The familiar glow of the golden arches after midnight may seem an unusual comfort for the Palm Beach County consumer.
But more McDonald's restaurants are pulling all-nighters as they adapt to a labor force with irregular shifts, people working more than one job to make ends meet and changing habits in a world where the Internet never sleeps.
This summer, about 80 percent of the McDonald's in Palm Beach County and the Treasure Coast will stay open 24/7, double the amount nationally, according to the McDonald's Corporation.
A decade ago, just 4 percent of McDonald's nationally were open all night.
A push this week to advertise the night-owl hours comes with at least one special meal deal — $1 Big Macs between 11 p.m. tonight and 4 a.m. Saturday.
"We're just trying to spread the news here at the beginning of the summer that if you're out and about late, we're here for you," said Mark Watson, a partner with WBF Management, which owns 17 McDonald's from Royal Palm Beach to Boca Raton.
Watson said his firm started experimenting with 24-hour operations eight years ago when it kept its drive-through windows open all night.
Beginning last spring, all but one of WBF's restaurants moved to an all-night schedule, including keeping their lobbies open where people can access wireless Internet or watch flat-screen TVs. The only store not open 24/7 is in the Mall at Wellington Green.
The increase in hours meant WBF was able to hire about 110 more employees. According to Joe Chabus, communications manager for McDonald's Florida region, starting wages for McDonald's employees vary by job and location but typically exceed minimum wage. The minimum wage for Florida is $7.67 an hour.
"Maybe people are working two jobs and they don't want to go home and make a lot of noise trying to cook," Watson said about the lobbies staying open. "They can come in here, catch up on the Internet, read, whatever."
Convenience, reasonable prices and new items are the driving forces in the restaurant industry, said Harry Balzer, chief industry analyst and vice president of the NPD Group, a consumer market research firm. That might explain the push to all-night services.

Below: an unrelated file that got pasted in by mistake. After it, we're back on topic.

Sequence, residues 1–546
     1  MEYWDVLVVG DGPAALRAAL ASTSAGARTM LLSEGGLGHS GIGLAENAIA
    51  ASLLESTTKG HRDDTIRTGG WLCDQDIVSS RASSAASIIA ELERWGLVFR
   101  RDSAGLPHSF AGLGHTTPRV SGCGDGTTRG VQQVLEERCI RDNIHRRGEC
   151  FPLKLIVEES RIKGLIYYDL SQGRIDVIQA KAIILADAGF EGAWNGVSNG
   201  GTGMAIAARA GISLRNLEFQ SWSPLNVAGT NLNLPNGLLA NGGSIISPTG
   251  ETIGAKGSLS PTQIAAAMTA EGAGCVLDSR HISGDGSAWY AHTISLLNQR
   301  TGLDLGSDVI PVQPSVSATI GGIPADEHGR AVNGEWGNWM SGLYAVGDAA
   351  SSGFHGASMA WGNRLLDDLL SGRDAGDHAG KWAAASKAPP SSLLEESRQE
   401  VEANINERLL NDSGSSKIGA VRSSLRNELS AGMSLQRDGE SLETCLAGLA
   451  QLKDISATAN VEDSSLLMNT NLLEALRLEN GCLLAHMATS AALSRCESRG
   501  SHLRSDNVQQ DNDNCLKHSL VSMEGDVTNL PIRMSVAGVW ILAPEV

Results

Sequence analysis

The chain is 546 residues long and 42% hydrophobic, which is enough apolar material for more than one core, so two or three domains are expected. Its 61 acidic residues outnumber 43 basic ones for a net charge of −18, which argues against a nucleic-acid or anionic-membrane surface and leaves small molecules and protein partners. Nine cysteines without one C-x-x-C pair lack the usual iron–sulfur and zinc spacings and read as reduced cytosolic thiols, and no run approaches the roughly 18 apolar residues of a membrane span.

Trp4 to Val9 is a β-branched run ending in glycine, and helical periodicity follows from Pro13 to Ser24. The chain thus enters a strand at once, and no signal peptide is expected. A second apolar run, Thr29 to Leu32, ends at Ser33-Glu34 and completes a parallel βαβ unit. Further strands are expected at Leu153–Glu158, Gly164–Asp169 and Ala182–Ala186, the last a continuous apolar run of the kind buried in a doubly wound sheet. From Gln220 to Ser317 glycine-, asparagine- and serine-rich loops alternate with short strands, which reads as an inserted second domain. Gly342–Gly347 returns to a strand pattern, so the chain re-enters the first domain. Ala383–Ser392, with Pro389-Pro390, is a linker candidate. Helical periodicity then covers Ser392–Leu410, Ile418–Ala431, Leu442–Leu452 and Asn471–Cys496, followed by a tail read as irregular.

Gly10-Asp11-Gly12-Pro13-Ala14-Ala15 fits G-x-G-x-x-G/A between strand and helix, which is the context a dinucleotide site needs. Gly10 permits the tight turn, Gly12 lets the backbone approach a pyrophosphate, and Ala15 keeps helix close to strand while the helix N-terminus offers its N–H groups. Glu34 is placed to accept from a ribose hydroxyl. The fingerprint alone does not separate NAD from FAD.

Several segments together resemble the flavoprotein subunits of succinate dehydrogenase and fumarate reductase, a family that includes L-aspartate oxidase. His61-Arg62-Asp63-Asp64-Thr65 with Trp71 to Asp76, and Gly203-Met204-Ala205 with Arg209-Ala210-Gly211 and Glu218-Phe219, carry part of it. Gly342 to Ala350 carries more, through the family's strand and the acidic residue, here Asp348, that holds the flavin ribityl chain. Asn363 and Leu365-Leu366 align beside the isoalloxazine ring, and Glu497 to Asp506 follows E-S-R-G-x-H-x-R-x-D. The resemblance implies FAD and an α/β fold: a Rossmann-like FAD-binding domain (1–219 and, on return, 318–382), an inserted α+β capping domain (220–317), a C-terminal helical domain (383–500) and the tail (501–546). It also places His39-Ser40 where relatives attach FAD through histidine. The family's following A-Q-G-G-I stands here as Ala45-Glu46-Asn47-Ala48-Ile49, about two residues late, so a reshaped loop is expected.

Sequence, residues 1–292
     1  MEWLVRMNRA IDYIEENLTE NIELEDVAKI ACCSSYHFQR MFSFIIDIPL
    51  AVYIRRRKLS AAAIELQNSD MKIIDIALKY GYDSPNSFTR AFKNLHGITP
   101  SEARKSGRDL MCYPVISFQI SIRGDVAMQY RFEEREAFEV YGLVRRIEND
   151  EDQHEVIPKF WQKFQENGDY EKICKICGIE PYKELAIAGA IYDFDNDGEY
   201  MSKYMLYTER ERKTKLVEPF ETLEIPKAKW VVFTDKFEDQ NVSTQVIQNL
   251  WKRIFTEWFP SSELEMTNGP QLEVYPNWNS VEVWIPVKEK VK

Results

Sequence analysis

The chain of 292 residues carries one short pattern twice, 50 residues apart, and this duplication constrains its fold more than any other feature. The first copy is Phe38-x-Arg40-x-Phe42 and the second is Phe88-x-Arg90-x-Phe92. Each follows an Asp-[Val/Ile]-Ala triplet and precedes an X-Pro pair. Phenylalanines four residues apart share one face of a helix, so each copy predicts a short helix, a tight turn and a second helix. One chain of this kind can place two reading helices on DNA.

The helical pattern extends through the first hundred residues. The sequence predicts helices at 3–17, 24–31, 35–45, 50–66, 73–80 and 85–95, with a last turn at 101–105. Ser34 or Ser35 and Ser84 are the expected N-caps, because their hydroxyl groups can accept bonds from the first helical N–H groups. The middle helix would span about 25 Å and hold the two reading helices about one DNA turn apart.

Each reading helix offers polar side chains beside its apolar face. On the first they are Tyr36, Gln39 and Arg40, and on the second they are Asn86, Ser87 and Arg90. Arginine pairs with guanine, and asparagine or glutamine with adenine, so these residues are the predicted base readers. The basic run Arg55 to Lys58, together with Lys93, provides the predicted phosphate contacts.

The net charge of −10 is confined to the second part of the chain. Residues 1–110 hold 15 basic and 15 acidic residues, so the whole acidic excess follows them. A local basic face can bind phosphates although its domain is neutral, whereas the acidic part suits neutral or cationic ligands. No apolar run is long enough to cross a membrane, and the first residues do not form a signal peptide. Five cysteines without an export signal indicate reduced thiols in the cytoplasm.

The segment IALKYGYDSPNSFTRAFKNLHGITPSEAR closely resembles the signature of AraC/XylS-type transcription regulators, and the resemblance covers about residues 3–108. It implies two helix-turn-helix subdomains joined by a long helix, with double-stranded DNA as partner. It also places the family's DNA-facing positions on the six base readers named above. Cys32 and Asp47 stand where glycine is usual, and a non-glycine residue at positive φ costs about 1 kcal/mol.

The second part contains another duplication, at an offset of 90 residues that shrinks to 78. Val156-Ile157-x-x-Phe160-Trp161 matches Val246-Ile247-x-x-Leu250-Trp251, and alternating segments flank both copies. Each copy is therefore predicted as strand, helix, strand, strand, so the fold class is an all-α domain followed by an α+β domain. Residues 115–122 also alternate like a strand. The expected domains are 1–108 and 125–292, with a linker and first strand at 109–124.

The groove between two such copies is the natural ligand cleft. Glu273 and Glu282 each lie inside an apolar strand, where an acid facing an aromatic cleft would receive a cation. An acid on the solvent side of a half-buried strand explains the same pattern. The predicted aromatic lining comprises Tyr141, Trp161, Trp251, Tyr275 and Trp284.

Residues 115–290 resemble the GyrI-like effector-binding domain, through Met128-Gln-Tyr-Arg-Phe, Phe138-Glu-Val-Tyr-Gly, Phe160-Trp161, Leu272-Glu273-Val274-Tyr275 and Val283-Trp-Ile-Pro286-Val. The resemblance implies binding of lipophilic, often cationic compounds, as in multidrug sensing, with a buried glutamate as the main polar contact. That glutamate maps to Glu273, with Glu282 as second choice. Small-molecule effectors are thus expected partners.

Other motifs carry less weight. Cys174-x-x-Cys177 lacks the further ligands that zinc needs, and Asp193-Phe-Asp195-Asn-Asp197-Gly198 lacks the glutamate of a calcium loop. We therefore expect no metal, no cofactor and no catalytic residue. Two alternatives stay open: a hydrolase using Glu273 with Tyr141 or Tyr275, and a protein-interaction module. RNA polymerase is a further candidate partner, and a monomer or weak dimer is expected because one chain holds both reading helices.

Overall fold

"Did you make my life easier? If you did, I'll be back," Balzer said.
But the increasingly late-night habits of local diners are not necessarily a national trend, said Sam Oches, managing editor of the North Carolina-based QSR Magazine, a trade publication for the "fast casual" restaurant industry.
He said it's more likely a regional move made to cater to specific consumers. What he is seeing is more fast-food restaurants adding breakfast menus, which may mean earlier hours and eventually all-night operations.
"Breakfast is booming right now," said Oches. "If they're not open 24 hours, they may be opening earlier because they want to get into the breakfast market."
In January, Taco Bell launched "FirstMeal" in limited restaurants. The new breakfast menu with items such as a $1.99 steak and egg burrito, means stores are opening an hour earlier, usually by 8 a.m. or 9 a.m. Subway began offering breakfast items in 2010 with some stores opening at 7 a.m.
National Restaurant Association spokesman Annika Stensson said restaurants have been extending hours for the past several years as Americans adjust to schedules that may not include the traditional three meals a day.
But whether a restaurant is open 24 hours often comes down to simple math — are there enough diners to justify the operating costs of staying open late?
Watson says there are. And while his biggest concern in the beginning of the 24-hour push was dealing with drunken late-night revelers, he said that hasn't been a problem.
"You may get a carload of folks who are partying hard, but will have a designated driver making the order," he said. "For the most part, you have a fair number of people just looking for a snack and a place to relax."